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president biden is trying it reassure americans that despite economic turmoil, they do not need to worry about a recession. in a new interview, he told the associated press, quote, first of all, it is not inevitable. secondly, we're in a stronger position than any nation in the world to overcome this inflation. let's get straight to the white house and a chair of the white house council of economic advisers, cecelia rouse. we appreciate you being with us this morning. the president says a recession is, quote, not inevitable. but even if you avoid a recession, the outlook for consumers isn't rosy, not good. what should americans be prepared for? >> well, look, we have come out
of a period last year where we saw the fastest growth we have seen in 40 years, we had the fastest improvements in employment coming out of a recovery, out of a recession, fastest drop in unemployment. so we come out of a very strong economy, but we are now dealing with inflation and so the federal reserve has the mandate of stabilizing prices and maximum employment. so the federal reserve is starting to act, that's generating some of the turmoil, russia's war against ukraine is also part of our challenge. but we need to get this inflation under control, in order to emerge to where the president would like to see us get to in this economy, which is a period where we have steady solid growth, that is sustainable, where every day americans are working, if they want to work, and they're seeing good productive increases in their pay and they can support their families. to get there, the federal reserve needs to act.
it doesn't mean that a recession is inevitable. again, we came out of this last year, with good solid growth, which is why positioned than most countries with the challenges between the war and the central bank, the actions it is making, which means it is not inevitable. but we understand the anxiety, the president understands the anxiety, is focused on what he can do to lower costs for families, to address the price of gasoline, though that is set on the world market. but we need to get to the other side of this. that is where we should be. >> yes, i do want to ask you about oil prices. i'll get to that in a moment. you've made clear the fed takes the lead on tackling inflation. the fed chair is saying that another hike could happen within the next month. you talk about the economic anxiety a lot of americans are feeling, part of that anxiety is when there were trends toward inflation, going back to last year, this administration said that it was transitory
inflation, it was purely temporary. it is concerning for a lot of people that it appears it is not transitory, so translate what you just alluded to in terms of the administration trying to help americans into what can actually help folks immediately, right away. >> so the inflationary period that we're facing right now has its roots in the pandemic. it has its roots in the fact that the pandemic affected supply chains, whether that was in people getting to work, here, abroad, whether it was an ability to transport goods, so fundamentally the inflation had its roots in the supply chain and then governments such as ours supported households and families so we could continue to buy food and pay rent and continue with our normal economic activity, and supply demand mismatch, generating some of the inflation, which was substantially exacerbated, by russians, the unprovoked war in ukraine. the federal reserve has begun to take the steps it needs to do in order to address this inflation,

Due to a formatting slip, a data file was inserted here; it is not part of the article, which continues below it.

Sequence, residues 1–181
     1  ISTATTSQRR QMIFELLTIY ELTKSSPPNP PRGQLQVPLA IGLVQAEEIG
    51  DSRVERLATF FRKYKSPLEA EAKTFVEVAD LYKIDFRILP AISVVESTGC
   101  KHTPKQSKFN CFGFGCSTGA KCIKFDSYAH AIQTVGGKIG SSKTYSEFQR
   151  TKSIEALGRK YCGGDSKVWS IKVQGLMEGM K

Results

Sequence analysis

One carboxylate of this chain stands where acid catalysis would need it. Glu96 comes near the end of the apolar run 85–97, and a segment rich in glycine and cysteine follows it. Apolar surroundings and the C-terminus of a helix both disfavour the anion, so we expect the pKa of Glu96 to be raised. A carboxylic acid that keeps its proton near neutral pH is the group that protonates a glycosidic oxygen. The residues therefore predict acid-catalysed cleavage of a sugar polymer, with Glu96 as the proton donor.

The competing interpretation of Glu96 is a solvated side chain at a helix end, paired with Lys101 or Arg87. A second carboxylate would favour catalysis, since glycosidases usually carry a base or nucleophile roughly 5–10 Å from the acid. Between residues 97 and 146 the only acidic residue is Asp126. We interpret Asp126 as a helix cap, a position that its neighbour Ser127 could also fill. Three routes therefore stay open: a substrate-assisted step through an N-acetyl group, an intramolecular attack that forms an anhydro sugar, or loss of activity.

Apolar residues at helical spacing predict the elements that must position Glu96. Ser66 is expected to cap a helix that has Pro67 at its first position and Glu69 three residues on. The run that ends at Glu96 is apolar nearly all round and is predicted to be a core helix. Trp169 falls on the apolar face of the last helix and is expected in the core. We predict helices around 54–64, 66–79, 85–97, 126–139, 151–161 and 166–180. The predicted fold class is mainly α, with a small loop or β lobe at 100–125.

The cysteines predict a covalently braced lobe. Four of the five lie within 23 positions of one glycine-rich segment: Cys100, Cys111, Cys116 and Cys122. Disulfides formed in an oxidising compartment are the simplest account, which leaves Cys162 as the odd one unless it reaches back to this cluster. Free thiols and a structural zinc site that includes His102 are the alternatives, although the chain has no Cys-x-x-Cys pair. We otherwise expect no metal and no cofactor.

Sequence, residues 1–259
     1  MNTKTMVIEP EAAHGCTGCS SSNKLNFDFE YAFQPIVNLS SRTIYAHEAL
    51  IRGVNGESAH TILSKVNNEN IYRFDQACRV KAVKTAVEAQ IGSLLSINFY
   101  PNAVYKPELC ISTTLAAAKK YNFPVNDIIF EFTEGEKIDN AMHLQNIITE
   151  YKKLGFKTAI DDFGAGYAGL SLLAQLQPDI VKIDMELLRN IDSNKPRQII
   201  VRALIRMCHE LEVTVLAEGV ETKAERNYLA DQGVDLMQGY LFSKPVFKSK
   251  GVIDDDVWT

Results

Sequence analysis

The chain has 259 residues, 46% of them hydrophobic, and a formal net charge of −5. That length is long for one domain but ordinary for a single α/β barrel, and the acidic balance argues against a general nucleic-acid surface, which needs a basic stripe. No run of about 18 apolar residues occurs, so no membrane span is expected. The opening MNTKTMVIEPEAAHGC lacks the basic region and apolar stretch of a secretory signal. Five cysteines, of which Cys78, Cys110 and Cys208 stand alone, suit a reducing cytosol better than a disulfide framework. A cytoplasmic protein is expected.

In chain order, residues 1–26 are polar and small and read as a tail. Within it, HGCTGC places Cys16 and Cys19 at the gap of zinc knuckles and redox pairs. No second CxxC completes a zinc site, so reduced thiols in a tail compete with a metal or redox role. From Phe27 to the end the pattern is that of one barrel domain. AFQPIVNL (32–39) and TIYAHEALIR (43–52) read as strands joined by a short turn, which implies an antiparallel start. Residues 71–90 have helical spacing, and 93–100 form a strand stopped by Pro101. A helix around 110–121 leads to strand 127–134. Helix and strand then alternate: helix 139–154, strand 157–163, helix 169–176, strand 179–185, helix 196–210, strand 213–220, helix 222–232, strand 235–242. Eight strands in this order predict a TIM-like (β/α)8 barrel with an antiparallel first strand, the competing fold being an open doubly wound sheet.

meanwhile the president has been putting forward kinds of policies that we know are important for improving our economic capacity, which is another way of saying improving our economic growth. it is that kind of growth, those kinds of investments which actually make inflationary periods less likely, and would generate the kinds of wages for americans. what the president is -- >> so, i was going to say, let's talk specifics on gas prices. cnn is hearing from sources in the administration that are shooting down this idea that came forward of sending millions of americans rebate cards to alleviate the high cost of fuel. i'm wondering if you support any direct payment to americans to help them pay for gas. >> as the president has said, all opentions are on the table. we want to address the price of gas and oil, so that people can fill up their cars and heat their homes or cool their homes now in the summer.
and affordably, so completely recognizing this is why he led, coordinated relief of the strategic petroleum reserve, why he using his administrative powers, approved using ethanol, e-15 over the summer, why he's working for -- looking at other options for getting more gas and oil on to the market. so all options are on the table because he understands the pain this is causing for families. >> one of those options according to "the washington post" is asking governors to lower or wave state gas taxes. i'm wondering what kind of p feedback you've gotten from state officials on that idea. >> the president is open to working with members of congress, and others to bring them to the table to address the impact of gas prices for the american people. you know, when the president -- when russia invaded ukraine, and the president stood with our